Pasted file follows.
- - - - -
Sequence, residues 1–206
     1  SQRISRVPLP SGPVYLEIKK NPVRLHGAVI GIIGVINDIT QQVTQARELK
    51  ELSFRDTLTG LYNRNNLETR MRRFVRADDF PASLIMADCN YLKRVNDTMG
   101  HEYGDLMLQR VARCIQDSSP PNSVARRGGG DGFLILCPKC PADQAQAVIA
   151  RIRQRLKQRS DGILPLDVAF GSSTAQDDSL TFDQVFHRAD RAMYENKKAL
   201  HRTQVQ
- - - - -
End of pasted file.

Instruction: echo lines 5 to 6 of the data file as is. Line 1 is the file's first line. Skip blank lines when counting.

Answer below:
   151  RIRQRLKQRS DGILPLDVAF GSSTAQDDSL TFDQVFHRAD RAMYENKKAL
   201  HRTQVQ